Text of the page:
It’s springtime, which means your allergies may already be causing a runny nose, watery eyes, sneezing and coughing. They aren’t just an annoyance, many doctors believe there is a connection between allergies and mood.

For some, seasonal allergies do more than just cause crankiness. A study from The American Journal of Epidemiology showed that those who suffer from allergies are nearly 50% more likely to experience depression. If you’ve visited an allergist that likelihood almost triples, according to Dr. Paul Marshall, neuropsychologist at Hennepin County Medical Center in Minneapolis. These connections don’t necessarily mean that allergies directly cause clinical depression, but there is a correlation.

Allergy-related mood changes are usually characterized by symptoms like sadness, lethargy and fatigue. Allergies could aggravate these symptoms in a person with clinical depression.

“It’s important for people to understand that experiencing allergies can affect their mood,” Dr. Marshall said.

This doesn’t mean all people with allergies have depression or that people with depression have allergies, but experiencing allergic reactions does seem to be a risk factor for developing depression. It doesn’t necessarily trigger the emotional side of the condition, but rather the physiological symptoms, such as low energy.


What happens during an allergic reaction?

During an allergic reaction, your body’s immune system responds by releasing cytokines, which are protein molecules used in communication between cells. The cytokines signal the brain and induce feelings of sickness that might often accompany the flu.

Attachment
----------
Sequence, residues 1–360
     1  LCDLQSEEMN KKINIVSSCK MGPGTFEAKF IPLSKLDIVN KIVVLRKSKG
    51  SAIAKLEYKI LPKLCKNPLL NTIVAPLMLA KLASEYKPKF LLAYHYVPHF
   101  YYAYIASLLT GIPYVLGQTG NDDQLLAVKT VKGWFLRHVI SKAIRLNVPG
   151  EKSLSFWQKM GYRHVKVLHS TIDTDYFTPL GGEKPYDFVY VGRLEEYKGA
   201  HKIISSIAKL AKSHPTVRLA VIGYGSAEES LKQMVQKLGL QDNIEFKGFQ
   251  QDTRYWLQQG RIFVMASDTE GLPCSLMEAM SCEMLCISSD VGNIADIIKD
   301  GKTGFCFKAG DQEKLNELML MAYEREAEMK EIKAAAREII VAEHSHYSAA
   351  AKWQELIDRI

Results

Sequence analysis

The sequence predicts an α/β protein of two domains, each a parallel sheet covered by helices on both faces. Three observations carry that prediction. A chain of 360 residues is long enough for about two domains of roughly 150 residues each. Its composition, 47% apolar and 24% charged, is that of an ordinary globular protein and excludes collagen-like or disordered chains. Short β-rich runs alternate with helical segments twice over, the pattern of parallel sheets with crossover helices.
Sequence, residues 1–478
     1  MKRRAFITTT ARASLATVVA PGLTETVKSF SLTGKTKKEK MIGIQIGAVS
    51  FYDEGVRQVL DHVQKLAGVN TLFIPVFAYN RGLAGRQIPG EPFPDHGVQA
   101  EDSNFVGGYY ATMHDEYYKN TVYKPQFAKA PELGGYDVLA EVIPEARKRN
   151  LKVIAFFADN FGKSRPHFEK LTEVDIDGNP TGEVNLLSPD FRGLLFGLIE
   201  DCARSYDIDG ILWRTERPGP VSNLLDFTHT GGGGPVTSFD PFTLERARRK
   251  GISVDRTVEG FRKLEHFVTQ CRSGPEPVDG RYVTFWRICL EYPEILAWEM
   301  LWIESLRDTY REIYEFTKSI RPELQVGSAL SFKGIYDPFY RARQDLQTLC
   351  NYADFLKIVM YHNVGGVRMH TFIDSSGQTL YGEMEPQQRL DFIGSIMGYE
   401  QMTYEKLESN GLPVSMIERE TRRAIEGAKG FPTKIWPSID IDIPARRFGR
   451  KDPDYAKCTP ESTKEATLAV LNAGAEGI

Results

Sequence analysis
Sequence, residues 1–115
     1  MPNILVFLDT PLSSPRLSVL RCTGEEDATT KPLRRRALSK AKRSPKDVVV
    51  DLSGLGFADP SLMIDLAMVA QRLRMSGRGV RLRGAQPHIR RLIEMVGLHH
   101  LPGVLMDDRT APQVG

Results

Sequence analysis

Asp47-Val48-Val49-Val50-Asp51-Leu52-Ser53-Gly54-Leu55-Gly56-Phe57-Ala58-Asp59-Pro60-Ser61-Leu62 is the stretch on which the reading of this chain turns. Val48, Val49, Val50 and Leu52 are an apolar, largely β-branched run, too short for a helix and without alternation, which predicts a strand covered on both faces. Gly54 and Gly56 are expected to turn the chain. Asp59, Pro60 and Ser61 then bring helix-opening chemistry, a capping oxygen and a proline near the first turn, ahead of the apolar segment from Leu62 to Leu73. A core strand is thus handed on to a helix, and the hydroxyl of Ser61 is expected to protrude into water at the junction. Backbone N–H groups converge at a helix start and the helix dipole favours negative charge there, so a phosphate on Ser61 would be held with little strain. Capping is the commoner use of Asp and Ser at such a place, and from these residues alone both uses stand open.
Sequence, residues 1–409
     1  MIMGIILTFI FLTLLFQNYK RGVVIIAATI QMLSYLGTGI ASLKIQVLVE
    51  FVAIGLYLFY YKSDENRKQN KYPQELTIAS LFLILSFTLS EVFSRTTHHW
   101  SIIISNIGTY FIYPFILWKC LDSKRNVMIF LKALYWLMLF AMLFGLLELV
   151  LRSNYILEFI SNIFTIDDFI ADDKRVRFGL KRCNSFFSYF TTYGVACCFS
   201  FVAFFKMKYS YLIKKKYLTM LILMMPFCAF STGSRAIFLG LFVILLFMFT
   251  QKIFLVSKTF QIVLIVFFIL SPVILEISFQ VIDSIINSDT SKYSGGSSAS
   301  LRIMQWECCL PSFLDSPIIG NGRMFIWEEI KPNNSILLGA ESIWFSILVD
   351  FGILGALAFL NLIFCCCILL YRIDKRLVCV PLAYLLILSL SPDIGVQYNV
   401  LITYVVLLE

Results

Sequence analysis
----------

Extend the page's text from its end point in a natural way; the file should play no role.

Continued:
A 2002 study from Psychosomatic Medicine, led by Dr. Marshall, found that allergic reactions to ragweed pollen caused “significant fatigue and mood changes” in at least some patients. Research that Dr. Marshall collaborated on in 2000 also found that such reactions could cause slowed speed of cognitive processing.

Dr. Teodor Postolache at the University of Maryland led a review published in 2008 on the association between suicidal indicators and allergies. Dr. Postolache’s group noted a peak in suicide rates from April to June, during which the environment changes dramatically due to pollen. The researchers found correlations between depression measurements and allergy symptoms in relation to the seasonal severity of tree pollen.

What kind of treatment is available for me?

An oral or topical over-the-counter anti-histamine should be enough to relieve allergy symptoms. For people looking for a more long-term solution, ask your doctor about allergy shots - in these small amounts of an allergen are given intraveniously every few months. The amount of the allergen is gradually increased. This builds up immunity which can last for 3-5 years.


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